Many devices now integrated into our daily human routine are made from magnets. Yet, due to their irresistible effects, we are often warned to avoid bringing strong magnets near our electronic devices so as not to risk damaging their devices. Why is this so? Are magnets dangerous when close to electrical and electronic devices? If so, why are magnets used in manufacturing the same set of devices?
How magnets affect electronics
Strong magnets, in proximity to electronics, can alter the electrical circuit integrated into these electronics, thus causing internal issues. When we speak of magnets that can damage electronics, we do not mean that magnets can break the external body of electronic devices. Though certainly, some grades of Neodymium magnets, if carelessly handled, can cause bone fractures if dropped against a body part at rest. Hardly would you find an electronic device whose body has been wrecked by the action of a magnet.
Electronic devices function by generating and storing electric charges as electrons. These electrons influence the opening and closing of small circuits within an electronic device, such that they regulate the presence or absence of currents in specific circuits. Processors can move these charges to complete evaluations and compare results, as seen in medical devices like scanners.
In hard drives, the movement of charges can determine the spin of the tiny magnetic disk in the drive, which controls the movement of data stored on the hard drive. When you select a file to be copied on your hard drive or moved from the hard drive to your computer, you are combining the effects of electricity and magnetism.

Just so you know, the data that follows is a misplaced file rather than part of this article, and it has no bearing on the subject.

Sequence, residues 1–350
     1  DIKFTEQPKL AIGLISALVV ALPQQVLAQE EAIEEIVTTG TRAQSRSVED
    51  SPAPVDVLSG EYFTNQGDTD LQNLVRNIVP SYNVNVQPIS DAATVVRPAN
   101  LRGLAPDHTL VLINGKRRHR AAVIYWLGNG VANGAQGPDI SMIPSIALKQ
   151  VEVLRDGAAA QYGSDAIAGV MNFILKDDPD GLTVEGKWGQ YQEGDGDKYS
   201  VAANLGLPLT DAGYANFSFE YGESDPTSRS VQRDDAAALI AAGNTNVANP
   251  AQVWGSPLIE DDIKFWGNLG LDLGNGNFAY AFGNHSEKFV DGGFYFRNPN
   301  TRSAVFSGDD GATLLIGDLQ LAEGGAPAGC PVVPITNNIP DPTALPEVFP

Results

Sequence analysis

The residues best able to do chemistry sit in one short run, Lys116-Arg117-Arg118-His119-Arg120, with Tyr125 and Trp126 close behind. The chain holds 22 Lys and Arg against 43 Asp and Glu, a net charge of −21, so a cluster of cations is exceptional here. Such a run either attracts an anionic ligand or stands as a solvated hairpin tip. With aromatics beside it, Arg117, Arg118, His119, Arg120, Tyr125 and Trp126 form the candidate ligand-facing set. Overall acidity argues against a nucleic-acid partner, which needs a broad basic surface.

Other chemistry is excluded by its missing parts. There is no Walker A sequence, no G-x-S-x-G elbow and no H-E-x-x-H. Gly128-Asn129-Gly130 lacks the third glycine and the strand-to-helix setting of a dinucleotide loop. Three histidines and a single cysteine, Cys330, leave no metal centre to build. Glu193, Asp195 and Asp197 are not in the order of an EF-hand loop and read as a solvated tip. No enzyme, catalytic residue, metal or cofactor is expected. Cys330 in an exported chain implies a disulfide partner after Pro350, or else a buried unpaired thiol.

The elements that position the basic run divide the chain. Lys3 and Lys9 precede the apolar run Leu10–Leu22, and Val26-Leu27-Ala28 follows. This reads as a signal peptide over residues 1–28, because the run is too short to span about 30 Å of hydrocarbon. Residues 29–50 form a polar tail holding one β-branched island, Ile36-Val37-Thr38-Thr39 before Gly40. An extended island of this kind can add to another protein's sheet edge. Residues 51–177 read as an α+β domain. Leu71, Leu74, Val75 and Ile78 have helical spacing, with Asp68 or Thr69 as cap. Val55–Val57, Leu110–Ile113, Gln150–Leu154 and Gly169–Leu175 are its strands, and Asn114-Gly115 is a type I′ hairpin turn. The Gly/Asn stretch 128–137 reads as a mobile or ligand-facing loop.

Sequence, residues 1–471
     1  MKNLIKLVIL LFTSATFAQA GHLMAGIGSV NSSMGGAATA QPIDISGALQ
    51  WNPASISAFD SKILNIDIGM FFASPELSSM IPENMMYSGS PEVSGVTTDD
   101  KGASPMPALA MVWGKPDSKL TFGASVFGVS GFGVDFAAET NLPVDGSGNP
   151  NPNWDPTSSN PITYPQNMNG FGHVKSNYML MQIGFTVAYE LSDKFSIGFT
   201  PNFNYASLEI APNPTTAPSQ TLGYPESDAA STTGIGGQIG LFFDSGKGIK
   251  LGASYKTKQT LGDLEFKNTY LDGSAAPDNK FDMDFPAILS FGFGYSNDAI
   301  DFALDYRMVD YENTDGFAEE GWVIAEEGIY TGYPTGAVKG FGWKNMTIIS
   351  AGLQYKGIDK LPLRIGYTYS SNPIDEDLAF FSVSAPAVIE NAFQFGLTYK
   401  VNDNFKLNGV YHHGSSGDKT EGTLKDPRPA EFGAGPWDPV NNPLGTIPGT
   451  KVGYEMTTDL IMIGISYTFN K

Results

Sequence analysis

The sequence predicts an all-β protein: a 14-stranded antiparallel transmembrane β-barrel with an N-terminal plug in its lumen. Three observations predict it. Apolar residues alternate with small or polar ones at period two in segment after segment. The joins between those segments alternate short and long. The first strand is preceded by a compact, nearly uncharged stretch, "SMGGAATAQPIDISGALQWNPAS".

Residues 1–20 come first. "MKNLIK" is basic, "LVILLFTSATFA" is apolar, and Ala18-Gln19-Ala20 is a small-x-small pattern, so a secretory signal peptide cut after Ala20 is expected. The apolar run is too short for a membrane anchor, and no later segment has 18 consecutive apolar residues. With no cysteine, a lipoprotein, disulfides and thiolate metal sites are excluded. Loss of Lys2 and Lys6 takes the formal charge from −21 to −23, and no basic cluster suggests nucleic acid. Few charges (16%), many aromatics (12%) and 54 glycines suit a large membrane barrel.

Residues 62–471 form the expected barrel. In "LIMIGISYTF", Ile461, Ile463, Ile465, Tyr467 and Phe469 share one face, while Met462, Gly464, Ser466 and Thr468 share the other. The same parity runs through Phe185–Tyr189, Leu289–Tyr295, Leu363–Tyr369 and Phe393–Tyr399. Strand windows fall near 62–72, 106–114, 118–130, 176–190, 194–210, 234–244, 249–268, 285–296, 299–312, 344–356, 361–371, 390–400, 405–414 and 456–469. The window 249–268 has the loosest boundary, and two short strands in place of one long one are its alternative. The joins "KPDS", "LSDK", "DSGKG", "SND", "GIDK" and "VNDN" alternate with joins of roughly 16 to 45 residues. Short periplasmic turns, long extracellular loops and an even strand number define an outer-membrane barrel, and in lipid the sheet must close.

Suppose you’ve been asked to keep your key card away from your mobile device. In that case, it’s because the magnet disk in your device can induce magnetic fields that alter the electronic arrangement within your key card, stripping away your data. It’s that simple. Suppose the magnetic field present within a hard drive is altered by the action of an external magnetic field. The data stored on the hard drive can be partially or wiped.
Magnets emit positive and negative charges (based on their North and South poles). These charges are reinforced when electrons are coupled with the magnets, creating strong electromagnetic forces that can affect the electrons in the circuit of an electronic device. Tampered electronic arrangements within the device would ultimately impair the device’s ability to work.
Strong Magnets and Electronics
Different grades of magnets will have varying effects on electronics. While magnets of moderate strength, such as ferrite magnets, must be at considerably close distances to electronics to have significant effects. For instance, a pacemaker remains neutral to the presence of a ferrite magnet until the magnet is almost directly placed on the pacemaker’s location. Even at that, there will be little damage performed.